Leoš JANÁČEK (1854-1928)
The Cunning Little Vixen (Příhody lišky Bystroušky) (1921-24) [90:40]
rec. live April-May 2016, Frankfurt Opera, Frankfurt, Germany
Sung in Czech with libretto included in Czech and German
OEHMS CLASSICS OC982 [60:02 + 30:38]
Audio recordings of Janáček’s operatic masterpiece, the Cunning Little Vixen, have been scarce, while videos have appeared more frequently. The benchmark in audio format remains the Decca account by the Vienna Philharmonic and Sir Charles Mackerras, whose authority in this music is second to none. This new one by the Frankfurt Opera under Johannes Debus is the first CD recording to challenge Mackerras in both the excellence of the performance and quality of the recording.
Of all Janáček’s operas, the Cunning Little Vixen has a particularly unusual genesis. As told by Janáček scholar, the late John Tyrrell in his documentary account, Janáček’s Operas, the composer’s longtime servant, Marie Stejskalová, would obtain a copy of the afternoon edition of the Brno daily newspaper, Lidové noviny and read the daily installment of the serialized comic, Bystrouška. One day the comic amused her so that she laughed out loud and Janáček asked her what was so funny. When she showed it to him, he was amused and she suggested that he compose an opera on the subject, since he was continually noting down bird calls and knew well the “voices” of animals. In 1922, two years after he had collected every installment of the comic strip, Janáček paid a visit to its author, Rudolf Těsnohlídek. They came to some agreement on Janáček’s using Bystrouška for his opera, though later Těsnohlídek refused to work on the libretto. As was customary for Janáček, he condensed the material by combining and omitting characters. He also altered the original comic’s ending by having the vixen killed by the poacher, Harašta, and the forester musing on his past and contemplating the beauty of his surroundings. The story of the opera became a cycle of life and death and the changing of the seasons for both the animal and the human world. Janáček’s pantheism is as redolent here as in his Glagolitic Mass.
I must say that I was unfamiliar with the cast and music director in this new production, but positively impressed by the results. There is not a weak link among the singers, who perform their roles idiomatically with good diction for the regional dialects of the Czech language that Janáček employs. Likewise, Johannes Debos clearly understands and loves Janáček’s music in one of the composer’s most wonderful scores. As with Mackerras, he does not sentimentalize anything and at times is even terser than his illustrious predecessor. The orchestra plays its collective heart out for him and the recording taken from a live production has that extra frisson one expects from such a source. Sure, there are some stage noises as one might expect and also liberties taken that may not be as literal as one would get in a studio recording. For example, the hens and chickens in Act I are freer, less musical, than on the earlier recording, but more animated and humourous. Their clucking is slightly out of sync with the orchestra, but that may be intentional and it is very funny. On the other hand, there are some orchestral details that come across more clearly in Mackerras’s recording, such as the stuttering bassoon underpinning Frantík and Pepík’s dialogue in the first act, that are all but inaudible in Debos’s account.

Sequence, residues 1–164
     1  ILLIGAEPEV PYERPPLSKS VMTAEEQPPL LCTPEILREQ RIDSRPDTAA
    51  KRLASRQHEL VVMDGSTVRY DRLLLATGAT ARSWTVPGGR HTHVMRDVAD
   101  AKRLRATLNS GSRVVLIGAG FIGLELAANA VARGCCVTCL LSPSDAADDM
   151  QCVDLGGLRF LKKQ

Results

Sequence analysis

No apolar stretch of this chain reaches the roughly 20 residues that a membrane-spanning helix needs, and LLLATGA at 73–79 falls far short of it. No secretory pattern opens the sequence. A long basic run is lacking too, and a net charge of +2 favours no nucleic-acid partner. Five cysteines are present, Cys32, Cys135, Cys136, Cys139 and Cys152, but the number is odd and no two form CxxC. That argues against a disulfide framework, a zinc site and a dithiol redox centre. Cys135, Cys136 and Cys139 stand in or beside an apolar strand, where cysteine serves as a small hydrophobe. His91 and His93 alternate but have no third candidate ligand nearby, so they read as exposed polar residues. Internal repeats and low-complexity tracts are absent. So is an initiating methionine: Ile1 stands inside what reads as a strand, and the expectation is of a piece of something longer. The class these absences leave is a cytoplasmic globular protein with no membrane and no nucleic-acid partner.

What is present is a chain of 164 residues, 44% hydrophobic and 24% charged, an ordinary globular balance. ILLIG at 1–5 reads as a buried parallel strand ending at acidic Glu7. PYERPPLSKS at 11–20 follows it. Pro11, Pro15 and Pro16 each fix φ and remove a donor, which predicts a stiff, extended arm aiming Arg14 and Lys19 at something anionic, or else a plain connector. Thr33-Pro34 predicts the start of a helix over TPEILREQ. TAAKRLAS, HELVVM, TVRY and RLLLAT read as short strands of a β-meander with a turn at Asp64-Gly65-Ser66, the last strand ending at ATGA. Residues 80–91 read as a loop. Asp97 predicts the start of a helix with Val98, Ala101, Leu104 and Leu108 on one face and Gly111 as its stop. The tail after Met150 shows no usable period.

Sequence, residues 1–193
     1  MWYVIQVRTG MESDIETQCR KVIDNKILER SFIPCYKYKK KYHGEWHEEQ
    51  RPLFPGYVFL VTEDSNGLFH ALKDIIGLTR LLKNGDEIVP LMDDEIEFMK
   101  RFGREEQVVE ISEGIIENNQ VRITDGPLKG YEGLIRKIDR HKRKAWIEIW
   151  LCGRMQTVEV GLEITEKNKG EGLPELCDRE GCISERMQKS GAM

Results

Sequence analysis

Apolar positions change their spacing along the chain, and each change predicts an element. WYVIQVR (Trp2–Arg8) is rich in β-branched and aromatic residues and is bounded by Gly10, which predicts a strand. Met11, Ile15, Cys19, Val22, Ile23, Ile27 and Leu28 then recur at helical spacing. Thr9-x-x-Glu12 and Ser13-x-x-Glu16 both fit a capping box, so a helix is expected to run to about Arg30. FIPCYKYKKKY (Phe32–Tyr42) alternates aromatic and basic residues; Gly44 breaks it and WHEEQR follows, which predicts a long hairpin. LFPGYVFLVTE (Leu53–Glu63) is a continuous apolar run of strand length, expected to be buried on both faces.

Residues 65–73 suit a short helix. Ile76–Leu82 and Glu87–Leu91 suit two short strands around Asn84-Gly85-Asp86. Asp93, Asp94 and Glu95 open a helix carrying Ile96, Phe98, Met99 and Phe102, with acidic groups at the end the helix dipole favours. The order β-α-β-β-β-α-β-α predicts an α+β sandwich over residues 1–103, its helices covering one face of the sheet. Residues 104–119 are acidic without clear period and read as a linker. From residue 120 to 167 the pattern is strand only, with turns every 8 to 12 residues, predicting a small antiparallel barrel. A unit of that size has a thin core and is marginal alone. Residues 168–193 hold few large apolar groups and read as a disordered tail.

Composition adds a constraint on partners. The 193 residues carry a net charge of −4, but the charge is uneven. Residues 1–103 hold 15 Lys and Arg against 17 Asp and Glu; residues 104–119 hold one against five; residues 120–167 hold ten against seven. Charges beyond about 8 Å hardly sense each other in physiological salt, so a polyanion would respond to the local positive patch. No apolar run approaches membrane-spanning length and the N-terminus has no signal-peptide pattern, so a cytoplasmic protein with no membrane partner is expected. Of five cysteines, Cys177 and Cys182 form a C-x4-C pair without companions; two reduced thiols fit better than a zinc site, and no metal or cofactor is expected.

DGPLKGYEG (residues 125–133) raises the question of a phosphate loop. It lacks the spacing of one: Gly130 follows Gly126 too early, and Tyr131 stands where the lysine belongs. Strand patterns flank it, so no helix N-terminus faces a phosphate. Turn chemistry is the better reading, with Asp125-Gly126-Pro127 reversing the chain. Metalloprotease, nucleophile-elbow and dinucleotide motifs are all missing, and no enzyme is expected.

While Debos is even more incisive at the beginning of Act II, the tables are turned later for the love scene between the Vixen and Fox, where Debos is more tender with softer timpani strokes. Elsewhere, and especially at the opera’s conclusion, Debos’s timpani are even harder-hitting and clearer than Mackerras’s, impressive as those are. There is little difference in the orchestral “prelude” at the beginning of Act III. Both are powerful and superbly played. The fox cubs in this act, as performed by the children’s choir, are better behaved for Mackerras and not as unruly as for Debus. Again the live production undoubtedly accounts for this. As to the whole, there is really little to choose between Mackerras and Debos musically and one should be totally satisfied with either.
The drawbacks on this new recording of the Cunning Little Vixen have to do with the printed material. First of all, the notes are really inadequate, particularly when compared with John Tyrrell’s authoritative ones for Mackerras. Also, the libretto is printed only in Czech and German, requiring one to follow along in the Decca booklet for an English translation. On the other hand, Oehms’s glossy booklet has copious color photos of the production and principal performers, as well as detailed information on their careers. As a supplement to Mackerras, then, this new account has much to recommend it.
Louise Adler – Vixen Sharp-Ears
Jenny Carltstedt – Fox
Simon Neal – Forester
Joanna Krasuska-Motulewicz – Forester’s Wife; Owl
Beau Gibson – Schoolmaster; Mosquito
Magnús Baldvinsson – Priest; Badger
Sebastian Geyer – Harašta
Nina Tarandek – Dog; Woodpecker
Michael McCown – Innkeeper Pasek
Britta Stallmeister – Rooster; Jay
Nora Friedrichs – Innkeeper’s Wife; Crested Hen
Ioannis Germanidis – Frantík
Jascha Mössle – Pepík
Isabel Casás-Rama – Frog
Kassiopi Küpper – Grasshopper
Sophia Seeling – Cricket
Lilli Trosien – Young Vixen
Choir and Children’s Choir of the Frankfurt Opera/Markus Ehmann
Frankfurt Opera and Museum Orchestra/Johannes Debus